“Poets try and take something abstract, like an idea, and make it concrete, whereas admirers of mountains try to take something huge made of rock and ice and snow and turn it into an abstraction they can carry around in their minds, a mental key chain for a place that is hard to get to but gorgeous to think about.”
Ian Brown, who wrote that piece in the Globe and Mail, made no mention of the people who occupy the middle ground between poets and mountain admirers, people I have come to know as “Traversers”. Traversers take an idea, like a route on a map, and make it concrete by traveling, or traversing, through it. We are modern day explorers, adventurers or whatever word creatively labels us Traverser types. As such, we began with an abstract dream and have now reached a concrete destination, Bella Coola, where the team now rests.
In our two months in the wild, we have taken on the personas of our animal spirits. Erica is a mix of the fox and unicorn, known as a Foxicorn, Mike is the Mountain Goat, and I have adopted the Hoary Marmot. Along the way, we’ve had an outpouring of support from our friends, family, loved ones, friendly townsfolk, and worried strangers, not to mention all our Facebook fans, Twitter followers, Pinterest pinners, fellow bloggers, sponsors, private ski backers and disappointed employers.
Sitting here in the comforts of town, I find it a bit awkward to write publicly about our journey as I have been immersed in an insular world of three to six fellow mountain traversers for months now. We’ve had a strong, shared sense of community, without which our traversing days would be over. Together, we share our daily adversities and triumphs like trail mix at snack time. Travelling with such a great group of folks has been an honour and a pleasure and I wish they could all still be out with Mike, Erica and me.
We have had good, bad and blow-you-over-sideways weather, and the food has been fine, despite the 10 pounds of weight I have lost. Although we should be able to get through any situation, given our iPhones paired with satellite text messaging and Google Earth, the reality is, however, that we are incredibly vulnerable. If we run out of food, we do not know enough to forage for grub to sustain ourselves. Nor do we have the ability to craft snowshoes from cedar bark when all our bindings break, as happened. Luckily, in that case, I was able to hitch a ride to Whistler and Vancouver to round up ski equipment still lingering on retailers’ shelves to replace Dynafit skis and bindings, Black Diamond skins, an Arcteryx backpack and Exped mats (thanks Escape Route). We’ve also had our share of injuries (blisters, frostbite, swelling, sunburn and stove burns), but all have been manageable in the field. Those humbling events remind us how vulnerable we are when we start feeling too good sometimes about how easy traversing is. They’ve also taught us not to rely on one plan or one single piece of gear in these remote regions. We’ve also learned to constantly adapt our approach to our traverse by evolving our route plan and improvising as needed, such as making gear repairs in the field. As well, for our next section, we have amended our route to compensate for the below average snowpack.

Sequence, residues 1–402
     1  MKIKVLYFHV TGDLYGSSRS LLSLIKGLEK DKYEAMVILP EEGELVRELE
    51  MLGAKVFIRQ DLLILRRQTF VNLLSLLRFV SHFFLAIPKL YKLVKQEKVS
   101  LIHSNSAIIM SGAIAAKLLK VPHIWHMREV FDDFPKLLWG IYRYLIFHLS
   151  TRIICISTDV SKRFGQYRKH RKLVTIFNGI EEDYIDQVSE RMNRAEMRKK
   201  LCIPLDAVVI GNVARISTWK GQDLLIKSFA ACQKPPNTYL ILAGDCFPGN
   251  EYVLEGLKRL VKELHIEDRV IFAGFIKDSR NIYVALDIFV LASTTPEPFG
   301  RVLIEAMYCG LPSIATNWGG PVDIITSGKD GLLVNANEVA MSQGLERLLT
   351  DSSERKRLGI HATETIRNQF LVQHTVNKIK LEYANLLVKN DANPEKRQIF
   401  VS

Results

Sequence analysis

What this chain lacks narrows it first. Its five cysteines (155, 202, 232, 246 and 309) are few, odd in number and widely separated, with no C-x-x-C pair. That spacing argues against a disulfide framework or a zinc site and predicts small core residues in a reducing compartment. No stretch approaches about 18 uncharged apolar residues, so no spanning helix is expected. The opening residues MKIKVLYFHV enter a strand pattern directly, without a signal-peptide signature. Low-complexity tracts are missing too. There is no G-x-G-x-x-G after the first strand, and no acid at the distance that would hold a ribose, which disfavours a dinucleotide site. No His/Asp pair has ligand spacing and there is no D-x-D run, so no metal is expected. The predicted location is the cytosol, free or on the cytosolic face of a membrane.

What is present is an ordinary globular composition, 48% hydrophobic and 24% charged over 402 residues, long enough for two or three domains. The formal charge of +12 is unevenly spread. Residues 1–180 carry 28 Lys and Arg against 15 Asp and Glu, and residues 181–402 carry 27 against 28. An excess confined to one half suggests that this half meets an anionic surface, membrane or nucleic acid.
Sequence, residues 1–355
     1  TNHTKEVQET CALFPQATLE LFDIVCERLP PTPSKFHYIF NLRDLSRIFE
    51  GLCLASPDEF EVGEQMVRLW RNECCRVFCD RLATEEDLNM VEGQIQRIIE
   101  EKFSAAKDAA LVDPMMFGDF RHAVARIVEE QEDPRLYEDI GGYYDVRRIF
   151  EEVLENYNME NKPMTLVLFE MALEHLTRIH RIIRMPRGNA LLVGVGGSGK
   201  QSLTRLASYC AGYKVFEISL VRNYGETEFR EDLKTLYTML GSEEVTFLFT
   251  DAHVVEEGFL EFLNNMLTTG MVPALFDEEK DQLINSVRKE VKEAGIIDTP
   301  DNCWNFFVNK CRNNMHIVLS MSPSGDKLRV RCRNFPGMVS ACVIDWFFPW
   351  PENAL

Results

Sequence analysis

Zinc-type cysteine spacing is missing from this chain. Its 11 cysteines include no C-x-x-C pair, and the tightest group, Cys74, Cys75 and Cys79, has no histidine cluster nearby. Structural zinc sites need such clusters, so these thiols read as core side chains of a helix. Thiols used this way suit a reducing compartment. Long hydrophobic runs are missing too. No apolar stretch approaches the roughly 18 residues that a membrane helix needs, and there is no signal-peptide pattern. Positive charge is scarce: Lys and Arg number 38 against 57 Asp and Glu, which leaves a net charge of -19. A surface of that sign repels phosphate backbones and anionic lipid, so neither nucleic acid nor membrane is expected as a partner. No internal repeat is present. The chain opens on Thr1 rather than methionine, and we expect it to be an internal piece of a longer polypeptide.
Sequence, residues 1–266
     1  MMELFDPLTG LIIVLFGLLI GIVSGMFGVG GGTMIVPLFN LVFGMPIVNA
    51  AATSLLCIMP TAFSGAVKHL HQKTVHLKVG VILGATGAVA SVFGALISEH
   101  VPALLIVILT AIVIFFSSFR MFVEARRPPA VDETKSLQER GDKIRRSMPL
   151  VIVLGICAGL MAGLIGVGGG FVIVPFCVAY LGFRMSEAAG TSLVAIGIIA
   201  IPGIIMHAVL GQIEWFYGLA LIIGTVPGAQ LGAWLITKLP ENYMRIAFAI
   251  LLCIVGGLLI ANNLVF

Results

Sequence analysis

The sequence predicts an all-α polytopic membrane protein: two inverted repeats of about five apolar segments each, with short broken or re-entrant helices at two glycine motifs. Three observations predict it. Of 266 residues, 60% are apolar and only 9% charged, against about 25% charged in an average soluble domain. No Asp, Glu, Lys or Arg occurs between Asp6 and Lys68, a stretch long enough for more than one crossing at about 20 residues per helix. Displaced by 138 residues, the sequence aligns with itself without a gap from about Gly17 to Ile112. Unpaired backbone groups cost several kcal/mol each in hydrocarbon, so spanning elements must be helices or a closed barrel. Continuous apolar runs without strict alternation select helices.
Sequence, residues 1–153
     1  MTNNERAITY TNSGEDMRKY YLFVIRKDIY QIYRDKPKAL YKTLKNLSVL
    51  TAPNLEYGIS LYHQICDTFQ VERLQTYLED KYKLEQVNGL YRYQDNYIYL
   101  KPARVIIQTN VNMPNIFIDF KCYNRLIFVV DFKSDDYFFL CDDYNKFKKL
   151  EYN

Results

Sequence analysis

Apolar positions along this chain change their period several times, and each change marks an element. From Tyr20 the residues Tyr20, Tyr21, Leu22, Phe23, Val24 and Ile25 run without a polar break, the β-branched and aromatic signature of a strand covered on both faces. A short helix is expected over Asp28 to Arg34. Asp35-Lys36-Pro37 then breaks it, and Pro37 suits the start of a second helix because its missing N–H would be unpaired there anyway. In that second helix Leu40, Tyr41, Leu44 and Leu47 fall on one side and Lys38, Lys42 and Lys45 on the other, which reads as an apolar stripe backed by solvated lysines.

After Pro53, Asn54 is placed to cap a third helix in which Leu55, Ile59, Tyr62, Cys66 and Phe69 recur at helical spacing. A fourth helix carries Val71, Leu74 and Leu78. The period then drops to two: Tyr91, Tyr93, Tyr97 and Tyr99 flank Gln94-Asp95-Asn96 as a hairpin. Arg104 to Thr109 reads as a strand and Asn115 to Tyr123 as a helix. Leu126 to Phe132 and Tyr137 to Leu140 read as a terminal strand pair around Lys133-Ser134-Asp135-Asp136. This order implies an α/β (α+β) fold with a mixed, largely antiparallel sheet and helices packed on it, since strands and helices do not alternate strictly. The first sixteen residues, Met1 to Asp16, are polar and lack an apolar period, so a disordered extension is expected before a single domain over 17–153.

We will continue to change our plans, as Reverend Robert Rundle, an early missionary in Rupert’s Land who traveled through the Canadian Rockies extensively, and for whom Mt. Rundle is named, said, “Much depends on the state of the atmosphere”.
On Tuesday, April 30, we leave Bella Coola. Once again, we will penetrate a deep, harsh and remote environment. We better get used to remoteness—in our planned six months of travel, we will pass through only five towns. This time, we’re trading glaciers for rivers and oceans and skis for packrafts.
As we embark, I feel my spirit animal shape shifting into the river otter (minus their mating habits), the highly specialized amphibious mammal perfectly at home in a variety of environments.
Click here to watch a short video highlighting some of the landscapes we have been moving through, in no particular order, and here to watch my review of the Delorme Inreach we have been using on this trip.
Thanks for checking in on us. Please feel free to leave a comment. None of this traverse would be possible without the help and support of the folks and shops mentioned below. Thank you.
“For something is there,/Something is there when nothing is there but itself,/that is not there when anything else is. Mary Oliver.
Dale Douglas @ Tyax Air
Nick Hawes @ Lakes District Air
Jonas Hoke, Chief Meteorologist
Nicole Koshure, our weather girl
Ian “Cheddar” Watson
James Retty & The Escape Route
Norm and Denice Bougie
Nirvana Pass ski crew
Mountain Equipment Co-Op
Julia Fesenko @ Inreach
Air Blaster Ninja Suits
Red Shred’s (Williams Lake)
Staff &friends @ Tweedsmuir Lodge
Tracey “Trix” Kindrachuck
Erin and Ryan Boyle
Meghan Cornish & Duncan
Clarence Tsayta Air
Bobbi and Earl “Pitt lake water taxi”
Eric Hoji & Jen Ashton
Sam @ Surefoot Whistler
Mike King @ Whitesaddle Air
Andor Tari (Sage Advice)